The Gut Brain Axis:

The Gut Brain Axis:

Author -  Good Health

Did you know?

Your digestive system is the most abundant source of important brain neurotransmitters, outside of the brain. Serotonin, melatonin, noradrenaline, dopamine, they all influence mood and yet, their highest concentrations are in the gut. How we support our general feeling of wellbeing lies all throughout the digestive tract.

So what influences the production of these neurotransmitters in the gut?

Probiotics for one. Probiotics are live strains of friendly bacteria that are crucial for digestive, immune and neurological health and ensure that the gut is a nourishing environment to manufacture necessary neurotransmitters for mood and wellbeing. 

Antioxidants. These occur naturally in plant-based foods such as fruits, vegetables and herbs. Antioxidants help prevent cell damage caused by oxidants. Oxidants are free radicals that you find in the environment, but they're also produced naturally in your body. Popular antioxidants include vitamins A (beta-carotene), C, E, and turmeric.

So now that we know we produce feel good hormones in our gut that then provide the hormonal effect in our brain, exactly what is the gut-brain axis?

Our nerve cells are known as neurons. They rely on beneficial bacteria in the gut to make specific neurotransmitters - internal chemical messengers for mood health. This means that the brain relies on the gut as the perfect environment for neurotransmitter production success. Healthy neurotransmitter function such as serotonin for mood, sleep and relaxation, dopamine for balanced emotional responses and noradrenaline for its role in the body’s stress response, all rely on a healthy gut. 

The gut-brain axis is the communication of chemical messengers (neurotransmitters) that are sent from the gut along the vagus nerve pathway to the brain. They continually chat between the gut and the brain, a constant two-way conversation that helps support a healthy nervous system response. This is known as the gut-brain axis.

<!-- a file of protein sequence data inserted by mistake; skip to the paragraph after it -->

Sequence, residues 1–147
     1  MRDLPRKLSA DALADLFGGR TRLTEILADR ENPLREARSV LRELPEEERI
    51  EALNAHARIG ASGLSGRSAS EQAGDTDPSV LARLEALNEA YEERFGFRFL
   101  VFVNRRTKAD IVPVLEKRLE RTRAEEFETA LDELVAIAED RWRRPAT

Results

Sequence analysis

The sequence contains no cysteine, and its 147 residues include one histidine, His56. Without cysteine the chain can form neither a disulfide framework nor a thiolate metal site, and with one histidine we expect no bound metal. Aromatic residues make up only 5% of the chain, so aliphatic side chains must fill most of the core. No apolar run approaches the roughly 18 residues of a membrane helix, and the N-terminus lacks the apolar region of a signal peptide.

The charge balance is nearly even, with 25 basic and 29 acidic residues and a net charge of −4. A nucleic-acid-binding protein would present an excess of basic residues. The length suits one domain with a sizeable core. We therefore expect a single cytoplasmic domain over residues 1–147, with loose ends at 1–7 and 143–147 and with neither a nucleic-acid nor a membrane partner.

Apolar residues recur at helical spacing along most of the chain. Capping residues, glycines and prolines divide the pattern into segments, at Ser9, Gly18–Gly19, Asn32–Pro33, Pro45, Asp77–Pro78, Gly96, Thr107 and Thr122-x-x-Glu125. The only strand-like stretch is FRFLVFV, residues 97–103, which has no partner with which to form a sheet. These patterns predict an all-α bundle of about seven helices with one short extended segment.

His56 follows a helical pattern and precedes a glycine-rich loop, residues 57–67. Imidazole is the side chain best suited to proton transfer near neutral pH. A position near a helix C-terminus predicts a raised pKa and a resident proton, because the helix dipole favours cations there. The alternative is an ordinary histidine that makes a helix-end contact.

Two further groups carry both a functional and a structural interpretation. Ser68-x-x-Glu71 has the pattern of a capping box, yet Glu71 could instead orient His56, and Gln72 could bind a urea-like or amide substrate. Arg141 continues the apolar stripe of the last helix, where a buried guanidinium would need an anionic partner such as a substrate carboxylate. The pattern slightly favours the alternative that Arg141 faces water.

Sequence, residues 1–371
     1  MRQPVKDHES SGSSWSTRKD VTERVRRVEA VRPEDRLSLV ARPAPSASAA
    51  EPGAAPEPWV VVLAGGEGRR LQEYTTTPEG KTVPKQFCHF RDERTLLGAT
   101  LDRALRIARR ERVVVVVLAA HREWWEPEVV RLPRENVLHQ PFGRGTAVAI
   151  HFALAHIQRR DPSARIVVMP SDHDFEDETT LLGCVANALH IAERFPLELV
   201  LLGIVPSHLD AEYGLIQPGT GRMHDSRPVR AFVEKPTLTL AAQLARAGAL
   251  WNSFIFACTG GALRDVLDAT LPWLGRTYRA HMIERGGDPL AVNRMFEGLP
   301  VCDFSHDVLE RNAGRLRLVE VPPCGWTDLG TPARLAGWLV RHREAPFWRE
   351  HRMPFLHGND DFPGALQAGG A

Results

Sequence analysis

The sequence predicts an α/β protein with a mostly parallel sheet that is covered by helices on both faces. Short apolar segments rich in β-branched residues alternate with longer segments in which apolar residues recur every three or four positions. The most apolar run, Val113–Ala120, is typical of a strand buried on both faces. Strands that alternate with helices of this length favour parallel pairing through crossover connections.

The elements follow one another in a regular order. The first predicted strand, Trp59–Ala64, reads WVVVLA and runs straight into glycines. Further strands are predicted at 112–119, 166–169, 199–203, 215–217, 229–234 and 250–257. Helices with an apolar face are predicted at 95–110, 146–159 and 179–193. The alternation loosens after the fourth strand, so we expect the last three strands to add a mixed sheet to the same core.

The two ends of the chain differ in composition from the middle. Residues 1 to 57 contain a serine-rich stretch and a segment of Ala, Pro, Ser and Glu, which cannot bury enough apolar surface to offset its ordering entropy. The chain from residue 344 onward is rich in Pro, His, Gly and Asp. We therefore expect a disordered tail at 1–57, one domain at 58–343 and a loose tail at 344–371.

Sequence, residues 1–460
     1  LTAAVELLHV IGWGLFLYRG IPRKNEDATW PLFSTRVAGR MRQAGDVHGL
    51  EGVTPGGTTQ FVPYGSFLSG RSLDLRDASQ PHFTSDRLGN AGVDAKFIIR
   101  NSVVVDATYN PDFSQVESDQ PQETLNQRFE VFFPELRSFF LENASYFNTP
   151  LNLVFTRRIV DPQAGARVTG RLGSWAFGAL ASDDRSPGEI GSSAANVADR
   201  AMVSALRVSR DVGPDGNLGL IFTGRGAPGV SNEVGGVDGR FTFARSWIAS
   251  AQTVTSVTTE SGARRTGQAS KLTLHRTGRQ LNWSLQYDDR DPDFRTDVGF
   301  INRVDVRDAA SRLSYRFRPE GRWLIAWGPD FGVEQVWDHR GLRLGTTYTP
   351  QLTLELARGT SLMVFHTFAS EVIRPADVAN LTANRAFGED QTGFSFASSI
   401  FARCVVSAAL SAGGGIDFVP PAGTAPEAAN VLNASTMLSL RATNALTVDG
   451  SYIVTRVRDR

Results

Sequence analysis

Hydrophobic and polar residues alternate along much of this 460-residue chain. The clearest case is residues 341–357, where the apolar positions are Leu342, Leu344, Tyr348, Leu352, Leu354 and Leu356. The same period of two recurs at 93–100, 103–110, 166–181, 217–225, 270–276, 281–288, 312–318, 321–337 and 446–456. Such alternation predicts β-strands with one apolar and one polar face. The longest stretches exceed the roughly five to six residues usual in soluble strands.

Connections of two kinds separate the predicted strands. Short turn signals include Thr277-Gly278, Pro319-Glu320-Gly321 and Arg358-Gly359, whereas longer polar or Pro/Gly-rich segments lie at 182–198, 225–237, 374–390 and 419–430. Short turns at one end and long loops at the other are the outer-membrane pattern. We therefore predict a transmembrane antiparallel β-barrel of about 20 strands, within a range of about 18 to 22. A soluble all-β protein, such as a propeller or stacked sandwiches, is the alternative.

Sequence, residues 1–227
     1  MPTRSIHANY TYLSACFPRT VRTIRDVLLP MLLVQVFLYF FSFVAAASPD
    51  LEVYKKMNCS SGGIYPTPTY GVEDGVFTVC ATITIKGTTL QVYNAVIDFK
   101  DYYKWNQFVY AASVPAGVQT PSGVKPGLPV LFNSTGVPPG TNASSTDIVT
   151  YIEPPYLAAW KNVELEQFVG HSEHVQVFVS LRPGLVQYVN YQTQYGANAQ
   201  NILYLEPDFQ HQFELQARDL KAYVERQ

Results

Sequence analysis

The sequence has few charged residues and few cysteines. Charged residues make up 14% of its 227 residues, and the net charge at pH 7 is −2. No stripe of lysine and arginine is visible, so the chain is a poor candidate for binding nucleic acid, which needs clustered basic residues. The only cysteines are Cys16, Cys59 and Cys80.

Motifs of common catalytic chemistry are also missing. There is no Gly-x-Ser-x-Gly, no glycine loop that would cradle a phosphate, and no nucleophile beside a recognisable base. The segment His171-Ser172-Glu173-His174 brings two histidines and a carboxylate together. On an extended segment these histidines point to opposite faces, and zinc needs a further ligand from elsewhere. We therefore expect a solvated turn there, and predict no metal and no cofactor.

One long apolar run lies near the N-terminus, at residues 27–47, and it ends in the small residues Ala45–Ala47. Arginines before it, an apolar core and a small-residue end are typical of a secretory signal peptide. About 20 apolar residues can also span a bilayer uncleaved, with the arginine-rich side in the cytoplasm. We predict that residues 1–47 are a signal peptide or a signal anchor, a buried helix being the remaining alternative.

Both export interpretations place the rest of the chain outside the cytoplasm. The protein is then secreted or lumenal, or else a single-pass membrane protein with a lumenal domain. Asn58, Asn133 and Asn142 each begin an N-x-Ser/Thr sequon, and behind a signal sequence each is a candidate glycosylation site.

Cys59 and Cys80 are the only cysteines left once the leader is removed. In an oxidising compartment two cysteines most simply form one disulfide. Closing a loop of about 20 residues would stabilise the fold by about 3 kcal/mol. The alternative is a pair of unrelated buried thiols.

How does this show up in a body response we can relate to?

An example is that all too common feeling, what we call gut intuition - that tight sensation in your stomach when you are stressed or that tickly feeling of butterflies when nervous. You feel it in your gut because your brain is talking to your digestive tract through a nerve response. 

We are not just what we eat, we are what we feel.

 

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The Gut Brain Axis:

Did you know? Your digestive system is the most abundant source of important brain neurotransmitters, outside of the brain. Serotonin, melatonin, noradrenaline, dopamine, they all influence mood and yet, their highest concentrations are in the gut. How we support our general feeling of wellbeing lies all throughout the digestive tract.

So what influences the production of these neurotransmitters in the gut?

Probiotics for one. Probiotics are live strains of friendly bacteria that are crucial for digestive, immune and neurological health and ensure that the gut is a nourishing environment to manufacture necessary neurotransmitters for mood and wellbeing. 

Antioxidants. These occur naturally in plant-based foods such as fruits, vegetables and herbs. Antioxidants help prevent cell damage caused by oxidants. Oxidants are free radicals that you find in the environment, but they're also produced naturally in your body. Popular antioxidants include vitamins A (beta-carotene), C, E, and turmeric.

So now that we know we produce feel good hormones in our gut that then provide the hormonal effect in our brain, exactly what is the gut-brain axis?

Our nerve cells are known as neurons. They rely on beneficial bacteria in the gut to make specific neurotransmitters - internal chemical messengers for mood health. This means that the brain relies on the gut as the perfect environment for neurotransmitter production success. Healthy neurotransmitter function such as serotonin for mood, sleep and relaxation, dopamine for balanced emotional responses and noradrenaline for its role in the body’s stress response, all rely on a healthy gut. 

The gut-brain axis is the communication of chemical messengers (neurotransmitters) that are sent from the gut along the vagus nerve pathway to the brain. They continually chat between the gut and the brain, a constant two-way conversation that helps support a healthy nervous system response. This is known as the gut-brain axis.

How does this show up in a body response we can relate to?

An example is that all too common feeling, what we call gut intuition - that tight sensation in your stomach when you are stressed or that tickly feeling of butterflies when nervous. You feel it in your gut because your brain is talking to your digestive tract through a nerve response. 

We are not just what we eat, we are what we feel.

 

The Gut Brain Axis:

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